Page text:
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Uber's 'racially biased' ratings system hurts nonwhite drivers, lawsuit says

"Throughout its history, Uber has made firing decisions based on a system that it knows is poisoned with racial discrimination," says attorney Shannon Liss-Riordan.

Angela Lang/CNET

Uber is being sued for allegedly discriminating against nonwhite drivers. The claim focuses on Uber's star rating system that allows passengers to score drivers on a scale of one to five, which can lead to terminations if drivers don't maintain a high enough rating. The suit, filed Monday, says nonwhite drivers are often kicked off the platform even when the complaints appear to be racist.

"Uber's use of its star rating system to terminate drivers constitutes unlawful discrimination based on race, both because it has a disparate impact on nonwhite drivers and because Uber is aware that passengers are prone to discriminate in their evaluation of drivers," reads the complaint. "But Uber has continued to use this system."

The proposed class-action suit was filed in federal court in the Northern District of California on behalf of former Uber driver Thomas Liu. It accuses Uber of violating the US Civil Rights Act. Four years ago, Liu first brought his claim to the US Equal Employment Opportunity Commission, which didn't make a determination on the claim and instead authorized him to go forward with a lawsuit. 

An Uber spokesman said the company has taken steps to reduce bias on its platform, such as asking riders for more information if they rate less than five stars and removing ratings for issues out of drivers' control, like traffic. In an email, the spokesman called the lawsuit "flimsy" and said it "can't distract from the simple fact that ride-sharing has greatly reduced bias for both drivers and riders, who now have fairer, more equitable access to work and transportation than ever before."

Drivers have long complained about being kicked off the Uber platform for low ratings or for things they didn't do, such as reckless driving or drunk drinking. Former Uber driver Shannon Powell told CNET in March that he was deactivated on allegations that he "may have been driving under the influence", something he proved false with a saliva and basic abilities test. Even though he maintained a high star rating, he said he'd still get discriminatory complaints from riders about the way he dressed or spoke.

The majority of Uber drivers in the US are people of color, according to data released by the company. A separate study by the University of California at Santa Cruz found that 78% of Uber and Lyft drivers in San Francisco are people of color.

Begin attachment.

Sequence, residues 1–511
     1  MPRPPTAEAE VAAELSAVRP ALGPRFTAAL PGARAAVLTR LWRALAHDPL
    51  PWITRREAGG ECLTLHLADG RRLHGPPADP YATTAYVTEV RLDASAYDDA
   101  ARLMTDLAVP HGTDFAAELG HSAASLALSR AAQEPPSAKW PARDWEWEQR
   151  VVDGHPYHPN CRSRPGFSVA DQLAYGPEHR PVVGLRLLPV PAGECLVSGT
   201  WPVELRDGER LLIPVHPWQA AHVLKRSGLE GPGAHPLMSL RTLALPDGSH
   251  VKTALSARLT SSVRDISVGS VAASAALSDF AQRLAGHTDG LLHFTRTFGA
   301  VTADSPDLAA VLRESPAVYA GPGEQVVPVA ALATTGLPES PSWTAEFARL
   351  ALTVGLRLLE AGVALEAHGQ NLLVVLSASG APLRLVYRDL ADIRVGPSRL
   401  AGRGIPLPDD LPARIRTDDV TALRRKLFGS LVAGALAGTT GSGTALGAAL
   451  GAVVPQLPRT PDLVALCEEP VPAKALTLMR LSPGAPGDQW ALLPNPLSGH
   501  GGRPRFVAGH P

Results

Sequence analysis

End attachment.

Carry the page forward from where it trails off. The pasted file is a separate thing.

Liu, who lives in San Diego, said he was deactivated after his average star rating fell below Uber's minimum rating of 4.6. Liu is from Hawaii, of Asian descent and said he speaks with a slight accent. In the lawsuit complaint, he said passengers could be hostile or unfriendly and would comment on his accent. He believes racial bias influenced some passengers' ratings and that Uber's system of using customer ratings to make employment decisions is discriminatory.

"Throughout its history, Uber has made firing decisions based on a system that it knows is poisoned with racial discrimination," said Shannon Liss-Riordan, lead attorney for the lawsuit who's brought several employment cases on behalf of gig workers. "Uber says it has helped provide opportunities for people of color, yet its practices -- both in denying wage protections and perpetuating a discriminatory system for terminating drivers -- cause particular harm to people of color."

The lawsuit comes as Uber and Lyft are embroiled in a lawsuit with the state of California over driver classification. The state says the companies are violating law AB5 by not classifying their drivers as employees and providing labor benefits. At the same time, Uber, Lyft and other gig economy companies have sponsored Proposition 22, a $200 million ballot measure campaign in the state that would exempt them from that law. 

The Proposition 22 campaign has come with a slew of advertisements, questionable mailers and even its own lawsuit brought by drivers. The companies have also broadcast support from communities of color for the ballot measure at the same time public records show they've quietly paid $95,000 to a consulting firm run by the president of the California chapter of the NAACP.

Many drivers say being classified as employees will help with discrimination issues because they'll have more worker protections. Cherri Murphy, a former Lyft driver and organizer with driver group Gig Workers Rising, said that as a Black woman she's experienced discrimination while driving and Proposition 22 won't solve that.

"Uber and Lyft's response -- promoting Proposition 22 -- is not the answer," Murphy said in a statement. "The ballot measure waters down California employment protections and would leave hundreds of thousands of workers unprotected on the job."